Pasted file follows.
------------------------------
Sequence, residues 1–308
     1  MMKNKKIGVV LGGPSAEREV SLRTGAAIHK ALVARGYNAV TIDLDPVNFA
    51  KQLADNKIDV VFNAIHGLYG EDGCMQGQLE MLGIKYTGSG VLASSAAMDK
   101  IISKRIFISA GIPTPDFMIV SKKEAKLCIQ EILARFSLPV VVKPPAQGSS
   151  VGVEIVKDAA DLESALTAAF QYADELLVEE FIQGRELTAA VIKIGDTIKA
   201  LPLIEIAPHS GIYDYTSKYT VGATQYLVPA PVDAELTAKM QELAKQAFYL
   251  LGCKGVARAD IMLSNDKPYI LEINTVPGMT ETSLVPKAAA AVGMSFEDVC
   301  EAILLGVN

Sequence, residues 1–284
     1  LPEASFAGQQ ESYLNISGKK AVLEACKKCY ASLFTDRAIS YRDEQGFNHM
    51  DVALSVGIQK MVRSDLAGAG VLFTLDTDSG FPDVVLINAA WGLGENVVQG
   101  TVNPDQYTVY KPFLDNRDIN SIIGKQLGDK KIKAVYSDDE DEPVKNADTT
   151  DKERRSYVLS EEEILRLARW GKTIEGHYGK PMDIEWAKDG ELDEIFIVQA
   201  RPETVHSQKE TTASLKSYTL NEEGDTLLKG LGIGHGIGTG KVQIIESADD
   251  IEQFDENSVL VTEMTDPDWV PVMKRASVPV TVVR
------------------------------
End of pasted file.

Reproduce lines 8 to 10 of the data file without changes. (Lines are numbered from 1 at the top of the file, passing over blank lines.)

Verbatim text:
   301  EAILLGVN

Sequence, residues 1–284
     1  LPEASFAGQQ ESYLNISGKK AVLEACKKCY ASLFTDRAIS YRDEQGFNHM